When we think about eating disorders, we normally associate such problems with teenagers and young adult women. However, there is now evidence that these conditions are becoming increasingly common in a new age group, women aged over 4o.
Previously, this group made up less than 5 percent of patients seeking treatment for anorexia. Now, this figure is reported to have increased to over 10 percent. Why? Various reasons are put forward, including images of actresses who continue to remain thin even as they age, but also the stressors commonly faced by women as they attain middle age. These might include the death of a parent, relationship breakup and children leaving home.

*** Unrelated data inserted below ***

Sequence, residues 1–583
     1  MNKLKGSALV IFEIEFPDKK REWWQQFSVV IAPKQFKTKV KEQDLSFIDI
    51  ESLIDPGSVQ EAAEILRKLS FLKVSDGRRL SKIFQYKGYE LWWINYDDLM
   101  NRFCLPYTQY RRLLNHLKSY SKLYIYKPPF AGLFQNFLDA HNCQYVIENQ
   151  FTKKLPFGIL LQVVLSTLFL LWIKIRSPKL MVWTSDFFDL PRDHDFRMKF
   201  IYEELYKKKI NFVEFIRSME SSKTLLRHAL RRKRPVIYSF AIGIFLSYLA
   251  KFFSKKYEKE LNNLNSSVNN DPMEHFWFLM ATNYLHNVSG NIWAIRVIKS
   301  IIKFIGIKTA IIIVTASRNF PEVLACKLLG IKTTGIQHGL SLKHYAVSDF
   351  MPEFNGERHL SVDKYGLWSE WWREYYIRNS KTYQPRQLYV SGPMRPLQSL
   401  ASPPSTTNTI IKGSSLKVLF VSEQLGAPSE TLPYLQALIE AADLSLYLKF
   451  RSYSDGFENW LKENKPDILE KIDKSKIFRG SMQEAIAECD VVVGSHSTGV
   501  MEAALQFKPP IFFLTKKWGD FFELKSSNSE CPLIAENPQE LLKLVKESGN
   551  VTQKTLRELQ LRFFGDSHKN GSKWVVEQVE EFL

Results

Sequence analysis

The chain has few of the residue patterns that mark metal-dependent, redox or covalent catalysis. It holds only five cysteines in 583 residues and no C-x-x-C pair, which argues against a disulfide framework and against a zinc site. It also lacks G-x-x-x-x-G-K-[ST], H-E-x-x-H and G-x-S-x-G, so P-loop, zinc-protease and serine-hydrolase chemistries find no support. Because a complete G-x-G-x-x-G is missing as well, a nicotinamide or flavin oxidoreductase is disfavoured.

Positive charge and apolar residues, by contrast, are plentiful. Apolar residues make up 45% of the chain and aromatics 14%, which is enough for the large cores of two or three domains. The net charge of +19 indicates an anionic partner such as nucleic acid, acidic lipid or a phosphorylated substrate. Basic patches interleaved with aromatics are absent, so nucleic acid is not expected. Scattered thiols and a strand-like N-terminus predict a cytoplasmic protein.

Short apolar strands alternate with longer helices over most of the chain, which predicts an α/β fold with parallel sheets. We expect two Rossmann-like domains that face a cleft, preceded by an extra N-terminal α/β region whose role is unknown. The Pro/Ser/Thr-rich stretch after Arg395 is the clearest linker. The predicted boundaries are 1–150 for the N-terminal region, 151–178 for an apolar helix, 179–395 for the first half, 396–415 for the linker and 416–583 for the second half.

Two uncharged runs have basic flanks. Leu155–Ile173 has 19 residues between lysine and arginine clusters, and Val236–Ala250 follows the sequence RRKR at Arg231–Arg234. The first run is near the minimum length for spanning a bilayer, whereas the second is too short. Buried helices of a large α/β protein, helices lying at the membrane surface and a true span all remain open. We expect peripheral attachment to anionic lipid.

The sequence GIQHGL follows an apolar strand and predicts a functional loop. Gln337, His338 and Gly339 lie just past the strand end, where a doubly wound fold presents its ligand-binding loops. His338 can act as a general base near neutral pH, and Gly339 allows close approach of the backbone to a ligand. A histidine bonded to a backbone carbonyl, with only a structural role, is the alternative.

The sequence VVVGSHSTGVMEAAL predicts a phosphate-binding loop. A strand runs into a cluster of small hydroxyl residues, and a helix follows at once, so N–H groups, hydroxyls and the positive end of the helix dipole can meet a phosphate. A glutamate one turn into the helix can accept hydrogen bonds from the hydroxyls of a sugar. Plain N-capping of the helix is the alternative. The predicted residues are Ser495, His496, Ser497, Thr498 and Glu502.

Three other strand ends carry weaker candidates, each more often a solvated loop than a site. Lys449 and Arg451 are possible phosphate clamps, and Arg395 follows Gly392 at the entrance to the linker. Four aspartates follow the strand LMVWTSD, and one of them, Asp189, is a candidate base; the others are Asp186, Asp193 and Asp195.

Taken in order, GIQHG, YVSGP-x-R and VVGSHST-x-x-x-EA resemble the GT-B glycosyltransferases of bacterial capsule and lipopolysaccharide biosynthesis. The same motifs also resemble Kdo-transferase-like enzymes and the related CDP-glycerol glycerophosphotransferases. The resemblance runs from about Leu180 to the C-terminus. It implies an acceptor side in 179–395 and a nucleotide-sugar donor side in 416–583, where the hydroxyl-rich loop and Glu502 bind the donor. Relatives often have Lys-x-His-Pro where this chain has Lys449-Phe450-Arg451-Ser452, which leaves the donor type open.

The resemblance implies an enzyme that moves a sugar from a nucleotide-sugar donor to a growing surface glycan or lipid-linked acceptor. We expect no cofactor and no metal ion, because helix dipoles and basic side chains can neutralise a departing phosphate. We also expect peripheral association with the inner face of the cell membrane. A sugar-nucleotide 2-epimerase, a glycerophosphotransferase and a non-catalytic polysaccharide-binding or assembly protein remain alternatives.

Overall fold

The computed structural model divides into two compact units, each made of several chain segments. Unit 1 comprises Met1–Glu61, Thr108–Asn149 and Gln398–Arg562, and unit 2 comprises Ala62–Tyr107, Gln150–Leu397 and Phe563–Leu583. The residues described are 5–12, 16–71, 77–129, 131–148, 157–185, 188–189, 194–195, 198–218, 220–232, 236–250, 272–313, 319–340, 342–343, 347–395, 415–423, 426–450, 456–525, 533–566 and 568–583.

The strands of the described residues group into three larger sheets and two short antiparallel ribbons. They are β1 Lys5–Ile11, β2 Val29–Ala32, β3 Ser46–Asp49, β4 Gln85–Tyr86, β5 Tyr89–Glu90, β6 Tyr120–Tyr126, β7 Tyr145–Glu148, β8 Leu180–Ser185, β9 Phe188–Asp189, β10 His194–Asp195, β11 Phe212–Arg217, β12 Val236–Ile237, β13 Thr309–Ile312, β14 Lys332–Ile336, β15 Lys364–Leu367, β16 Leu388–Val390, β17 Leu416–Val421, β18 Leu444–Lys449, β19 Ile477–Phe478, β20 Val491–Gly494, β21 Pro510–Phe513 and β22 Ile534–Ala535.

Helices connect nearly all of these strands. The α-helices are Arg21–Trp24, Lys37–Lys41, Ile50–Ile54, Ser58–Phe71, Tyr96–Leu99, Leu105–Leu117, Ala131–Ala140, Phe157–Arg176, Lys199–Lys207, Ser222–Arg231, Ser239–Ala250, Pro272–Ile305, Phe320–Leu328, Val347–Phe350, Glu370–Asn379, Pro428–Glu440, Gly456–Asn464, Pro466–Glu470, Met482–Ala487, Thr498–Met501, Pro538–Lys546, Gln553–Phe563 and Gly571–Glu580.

In a recent survey of 2000 women by UK health magazine Top Sante, most women reported being unhappy with their bodies, with half either having had or considering cosmetic surgery to correct perceived flaws.
Of particular concern is that many women admitted to turning to inappropriate means of controlling their weight and body shape. While more than 70% of women had made serious attempts to diet, 58% admitted to following "disordered" eating patterns, as characterised by skipping breakfast, having a snack for lunch or having wine and chocolate instead of a proper dinner. Strategies which allowed the women to have 'treats' while remaining maintaining weight control. A third also reported having used slimming pills or laxatives and fasting to keep weight down.
"This research has concluded what we always
suspected - that people of all ages are concerned
about issues with weight and shape. It's vitally
important to follow an appropriate diet and
to take exercise. Abusing slimming pills and
laxatives can have a dramatic effect on your health.
Eating disorders. Could you be at risk?